ADB approves record $27 billion in 2015 to meet Asia’s development needs

BISHKEK (TCA) — The Asian Development Bank’s (ADB) operations—comprising approvals of loans and grants, technical assistance, and co-financing—reached an all-time high of $27.15 billion in 2015, an increase of about 19% over the $22.89 billion in 2014, the ADB said.  

ADB’s approvals of loans and grants, sovereign (governments) and non-sovereign (primarily private sector), reached a record $16.58 billion—a 23% increase from 2014. Technical assistance amounted to $144 million and co-financing increased by 13% to a record $10.43 billion in 2015.

Out of the $16.58 billion, sovereign loan and grant approvals increased by 21% to $13.95 billion in 2015.

Non-sovereign approvals made a big leap from $1.92 billion in 2014 to $2.63 billion in 2015. In addition to a volume increase, ADB increased its allocation to the poorest countries to 40% of non-sovereign approvals. ADB is now making active use of local currency lending to the private sector and increased bond issuances in local currencies to support the lending.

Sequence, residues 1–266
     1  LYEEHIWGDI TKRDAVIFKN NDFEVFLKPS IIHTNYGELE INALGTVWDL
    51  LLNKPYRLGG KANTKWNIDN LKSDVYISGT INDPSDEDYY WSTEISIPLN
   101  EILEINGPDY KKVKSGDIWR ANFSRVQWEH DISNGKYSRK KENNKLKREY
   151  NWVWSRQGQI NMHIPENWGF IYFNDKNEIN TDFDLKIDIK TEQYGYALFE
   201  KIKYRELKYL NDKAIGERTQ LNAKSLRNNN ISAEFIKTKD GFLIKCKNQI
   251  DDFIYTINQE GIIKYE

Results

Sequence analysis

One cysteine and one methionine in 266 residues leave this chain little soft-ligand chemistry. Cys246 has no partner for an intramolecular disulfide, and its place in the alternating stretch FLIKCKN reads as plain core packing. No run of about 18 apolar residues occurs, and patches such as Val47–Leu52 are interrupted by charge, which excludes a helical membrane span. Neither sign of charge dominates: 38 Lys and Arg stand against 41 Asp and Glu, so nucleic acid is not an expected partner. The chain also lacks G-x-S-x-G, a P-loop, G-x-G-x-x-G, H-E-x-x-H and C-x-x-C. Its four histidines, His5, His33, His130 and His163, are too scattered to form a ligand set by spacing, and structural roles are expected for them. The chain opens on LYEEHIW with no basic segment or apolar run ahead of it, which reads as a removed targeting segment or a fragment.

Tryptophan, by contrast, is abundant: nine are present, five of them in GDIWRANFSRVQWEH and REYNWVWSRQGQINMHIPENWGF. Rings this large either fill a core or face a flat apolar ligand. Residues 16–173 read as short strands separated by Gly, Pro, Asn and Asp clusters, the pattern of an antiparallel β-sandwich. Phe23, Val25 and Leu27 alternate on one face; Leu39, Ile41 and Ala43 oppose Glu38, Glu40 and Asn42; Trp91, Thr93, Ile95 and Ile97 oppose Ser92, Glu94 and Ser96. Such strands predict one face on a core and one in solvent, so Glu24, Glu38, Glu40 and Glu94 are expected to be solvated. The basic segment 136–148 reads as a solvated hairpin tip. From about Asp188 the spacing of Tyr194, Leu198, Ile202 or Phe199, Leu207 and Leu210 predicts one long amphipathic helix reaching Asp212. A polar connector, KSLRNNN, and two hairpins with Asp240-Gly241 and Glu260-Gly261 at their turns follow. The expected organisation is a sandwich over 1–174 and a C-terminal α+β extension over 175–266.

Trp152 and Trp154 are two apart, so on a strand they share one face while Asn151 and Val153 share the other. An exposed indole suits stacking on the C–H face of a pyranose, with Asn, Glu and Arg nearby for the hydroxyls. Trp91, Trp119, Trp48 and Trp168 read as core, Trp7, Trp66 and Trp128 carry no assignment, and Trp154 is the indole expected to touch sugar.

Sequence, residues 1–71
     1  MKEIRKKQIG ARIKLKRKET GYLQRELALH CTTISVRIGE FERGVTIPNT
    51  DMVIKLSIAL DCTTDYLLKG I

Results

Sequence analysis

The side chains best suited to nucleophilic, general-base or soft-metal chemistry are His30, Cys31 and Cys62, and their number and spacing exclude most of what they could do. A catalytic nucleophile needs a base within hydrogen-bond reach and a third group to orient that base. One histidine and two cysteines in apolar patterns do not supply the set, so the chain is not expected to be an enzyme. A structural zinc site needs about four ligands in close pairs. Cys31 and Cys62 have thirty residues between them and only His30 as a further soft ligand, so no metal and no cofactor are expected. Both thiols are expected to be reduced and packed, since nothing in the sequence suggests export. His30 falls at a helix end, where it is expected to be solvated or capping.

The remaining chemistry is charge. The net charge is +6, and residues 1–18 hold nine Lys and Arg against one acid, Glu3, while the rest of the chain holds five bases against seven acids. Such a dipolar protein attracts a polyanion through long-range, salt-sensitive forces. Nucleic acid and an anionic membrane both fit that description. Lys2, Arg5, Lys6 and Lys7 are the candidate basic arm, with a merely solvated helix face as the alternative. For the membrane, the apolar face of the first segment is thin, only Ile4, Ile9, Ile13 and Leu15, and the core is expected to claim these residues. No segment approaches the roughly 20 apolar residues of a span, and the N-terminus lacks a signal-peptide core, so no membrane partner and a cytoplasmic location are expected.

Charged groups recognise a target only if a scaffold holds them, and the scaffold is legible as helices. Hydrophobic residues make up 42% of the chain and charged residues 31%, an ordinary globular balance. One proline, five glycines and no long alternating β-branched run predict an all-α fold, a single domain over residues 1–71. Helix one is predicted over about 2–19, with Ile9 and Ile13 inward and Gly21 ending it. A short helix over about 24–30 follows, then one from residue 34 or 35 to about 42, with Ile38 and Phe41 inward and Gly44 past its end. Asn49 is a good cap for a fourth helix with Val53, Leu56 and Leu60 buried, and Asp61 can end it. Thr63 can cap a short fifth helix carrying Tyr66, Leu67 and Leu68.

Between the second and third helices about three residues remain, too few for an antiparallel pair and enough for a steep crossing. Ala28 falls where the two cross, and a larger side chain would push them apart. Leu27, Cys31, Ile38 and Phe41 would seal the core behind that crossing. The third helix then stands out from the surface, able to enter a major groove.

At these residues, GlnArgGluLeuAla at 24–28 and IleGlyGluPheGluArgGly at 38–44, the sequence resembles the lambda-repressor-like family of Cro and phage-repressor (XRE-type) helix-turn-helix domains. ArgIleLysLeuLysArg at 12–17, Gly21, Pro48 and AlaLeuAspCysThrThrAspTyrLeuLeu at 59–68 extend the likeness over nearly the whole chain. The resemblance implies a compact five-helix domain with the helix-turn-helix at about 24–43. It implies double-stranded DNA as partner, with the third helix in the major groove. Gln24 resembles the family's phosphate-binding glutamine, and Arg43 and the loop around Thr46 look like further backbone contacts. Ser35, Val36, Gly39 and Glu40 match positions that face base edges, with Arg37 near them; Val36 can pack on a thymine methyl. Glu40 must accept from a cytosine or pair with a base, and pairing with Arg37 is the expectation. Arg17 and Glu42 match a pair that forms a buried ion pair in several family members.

“Our record performance last year reflected strong and growing demand from the Asian and Pacific region,” ADB President Takehiko Nakao said. “Infrastructure and other development needs are huge and poverty remains pervasive despite the region’s robust growth performance.”

Among ADB’s operational highlights last year were the quick response to natural disasters, especially the Nepal earthquake in April and the Vanuatu cyclone in March; and support for necessary fiscal measures of countries suffering from lower commodity prices and volatility in financial markets, such as Kazakhstan and Mongolia.

In 2015, ADB was among the first multilateral development banks to commit a sizable climate finance target. In late September, ADB announced it would double its annual climate financing to $6 billion by 2020, up from the current $3 billion.

Sergey Kwan

TCA